Several recent studies have shown that men with good Vitamin D levels also tend to have significantly higher testosterone levels. It is not fully understood why Vitamin D causes an increase in testosterone levels but it is known that there are Vitamin D receptors in the testes, where testosterone is produced, and experiments on mice have shown that those without Vitamin D receptors suffer from low testosterone levels.
The Ageing Grappler
If you, like me, are an older grappler (I am 40 years young next year), then you will almost certainly benefit from Vitamin D supplementation. As we age our body becomes less able to produce Vitamin D from UV light and a 70-year-old produces 4 times less vitamin D from sunlight than a 20-year-old.
Vitamin D also plays an important role in offsetting some of the effects of ageing. Each strand of DNA in our bodies is capped by something called a telomere. Telomeres are a little like the cap at the end of a shoelace that protects the shoelace from fraying, but instead of protecting the shoelace they protect DNA strands from damage. As we get older our telomeres shorten and telomere length is considered to be an excellent biological marker of age. Studies have shown that telomere length is longer in people taking Vitamin D supplements. In essence, this means that people with higher Vitamin D levels are biologically younger than their vitamin D deficient counterparts.
The moral of the story is that if you want to still be grappling in your 50s, 60s or even 70s, then it is probably a good idea to make sure you are getting plenty of Vitamin D!
Other Health Benefits
Vitamin D deficiency is also associated with a wide variety of diseases including numerous different types of cancer, immune system dysfunction, depression and dementia. There is still much research needed to look into these associations further, but it is clear that Vitamin D plays an essential role in staying healthy.
Getting Enough Vitamin D
There are numerous reasons why people tend to be low in Vitamin D levels. Most people, very wisely, monitor their exposure to sunlight and wear sunblock to reduce the risk of skin cancer. Unfortunately, this also prevents the production of Vitamin D in the skin. People with darker skin pigmentation are also less able to make Vitamin D. Their higher melanin levels acts as a type of natural sunblock.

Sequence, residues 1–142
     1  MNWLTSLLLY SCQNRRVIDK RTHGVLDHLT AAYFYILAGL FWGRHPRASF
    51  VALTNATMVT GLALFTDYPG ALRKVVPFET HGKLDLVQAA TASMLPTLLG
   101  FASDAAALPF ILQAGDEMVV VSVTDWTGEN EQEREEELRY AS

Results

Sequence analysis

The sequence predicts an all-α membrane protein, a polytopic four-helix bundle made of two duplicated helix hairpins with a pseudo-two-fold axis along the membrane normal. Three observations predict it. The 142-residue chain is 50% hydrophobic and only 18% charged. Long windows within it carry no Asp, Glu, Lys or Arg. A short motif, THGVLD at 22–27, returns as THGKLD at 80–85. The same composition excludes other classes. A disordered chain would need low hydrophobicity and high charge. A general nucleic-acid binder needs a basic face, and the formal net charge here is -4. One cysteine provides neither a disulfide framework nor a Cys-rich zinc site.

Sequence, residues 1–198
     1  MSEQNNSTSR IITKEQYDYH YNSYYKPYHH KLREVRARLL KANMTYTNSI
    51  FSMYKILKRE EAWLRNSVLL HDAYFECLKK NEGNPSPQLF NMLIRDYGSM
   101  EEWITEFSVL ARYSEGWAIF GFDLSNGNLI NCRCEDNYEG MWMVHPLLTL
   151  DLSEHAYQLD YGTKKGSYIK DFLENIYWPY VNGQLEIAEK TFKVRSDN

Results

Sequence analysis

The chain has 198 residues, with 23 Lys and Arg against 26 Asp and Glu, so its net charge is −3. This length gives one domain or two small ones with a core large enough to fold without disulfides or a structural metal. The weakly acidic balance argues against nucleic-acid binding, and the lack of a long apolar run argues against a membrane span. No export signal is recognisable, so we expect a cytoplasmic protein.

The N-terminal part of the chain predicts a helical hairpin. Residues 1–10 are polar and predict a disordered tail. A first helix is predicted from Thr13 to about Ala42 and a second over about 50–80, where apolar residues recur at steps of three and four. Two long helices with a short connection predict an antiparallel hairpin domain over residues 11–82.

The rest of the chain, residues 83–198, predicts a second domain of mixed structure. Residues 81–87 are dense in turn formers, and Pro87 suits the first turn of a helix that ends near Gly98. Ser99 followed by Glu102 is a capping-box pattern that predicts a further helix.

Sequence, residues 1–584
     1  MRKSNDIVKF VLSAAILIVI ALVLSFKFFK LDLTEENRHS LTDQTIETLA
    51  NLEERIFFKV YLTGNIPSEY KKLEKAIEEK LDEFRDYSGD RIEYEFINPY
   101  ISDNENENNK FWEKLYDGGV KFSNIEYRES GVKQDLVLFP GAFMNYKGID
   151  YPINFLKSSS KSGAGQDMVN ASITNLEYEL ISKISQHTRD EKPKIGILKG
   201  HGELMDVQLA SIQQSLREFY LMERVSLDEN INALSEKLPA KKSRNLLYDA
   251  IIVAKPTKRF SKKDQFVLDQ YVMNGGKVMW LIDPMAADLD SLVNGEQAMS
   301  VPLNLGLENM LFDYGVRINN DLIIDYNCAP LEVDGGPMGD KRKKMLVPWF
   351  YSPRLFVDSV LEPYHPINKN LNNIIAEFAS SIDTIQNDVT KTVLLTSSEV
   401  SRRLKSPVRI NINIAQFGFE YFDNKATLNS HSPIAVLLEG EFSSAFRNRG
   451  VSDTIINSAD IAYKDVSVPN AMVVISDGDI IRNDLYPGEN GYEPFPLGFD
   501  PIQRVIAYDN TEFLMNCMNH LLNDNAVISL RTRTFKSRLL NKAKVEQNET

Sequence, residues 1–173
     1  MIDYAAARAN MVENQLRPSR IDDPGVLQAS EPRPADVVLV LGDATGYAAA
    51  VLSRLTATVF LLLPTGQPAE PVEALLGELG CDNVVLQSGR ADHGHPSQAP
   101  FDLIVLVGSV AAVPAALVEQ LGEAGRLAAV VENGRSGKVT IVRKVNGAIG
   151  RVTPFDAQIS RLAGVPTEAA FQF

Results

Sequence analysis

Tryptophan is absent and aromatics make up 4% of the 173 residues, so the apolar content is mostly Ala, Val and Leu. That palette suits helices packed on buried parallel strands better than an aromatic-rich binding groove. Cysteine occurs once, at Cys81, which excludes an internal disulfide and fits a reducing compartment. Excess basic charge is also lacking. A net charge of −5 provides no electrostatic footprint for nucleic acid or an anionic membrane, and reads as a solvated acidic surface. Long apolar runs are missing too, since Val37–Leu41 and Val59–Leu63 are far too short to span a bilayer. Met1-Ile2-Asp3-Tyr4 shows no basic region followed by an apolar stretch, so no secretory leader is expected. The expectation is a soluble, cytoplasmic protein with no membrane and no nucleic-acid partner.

The further north that you live the more likely that you are to be Vitamin D deficient. The 37th parallel north is effectively the last point where the skin can produce a meaningful amount of Vitamin D from sunlight, so if you are not taking any vitamin D supplementation and you live further north than this you may well be Vitamin D deficient. The 37th parallel isn’t as far north as you would think, it runs through Santa Cruz in California!
Being overweight can also negatively impact your Vitamin D levels. It is a fat-soluble vitamin and as a result, is stored in body fat. If you have a large quantity of body fat then this means that more Vitamin D will be stored there and less will be circulating in your bloodstream. In effect, less Vitamin D will be available to your cells.
The best dietary source of Vitamin D is probably oily fish, such as salmon, tuna and mackerel. Vitamin D is also present in certain mushrooms and in some fortified cereals and milk. It can be difficult to obtain enough Vitamin D, even if you eat a lot of these foods and the easiest way to ensure that you are getting enough is by taking a Vitamin D supplement.
What’s the Right Dose?
The best way to check if you are deficient in Vitamin D is to talk to your doctor about arranging a blood test. I would particularly recommend this if you are experiencing unexplained tiredness, fatigue or any of the other symptoms I have discussed.
A dose of 4,000 IUs per day of Vitamin D3 is usually adequate to bring Vitamin D levels back to normal in adults that are deficient. After that, a maintenance dose of 1000 to 2000 IUs per day is generally advisable. Your doctor will be able to guide you if you are found to be deficient, as I was. The optimum levels seem to be between 40 and 60 ng/ml and people with these levels appear to be generally healthier, have better energy levels and live longer.
The bottom line: if you are a grappler, you should be seriously thinking about either taking a Vitamin D3 supplement or getting your levels checked.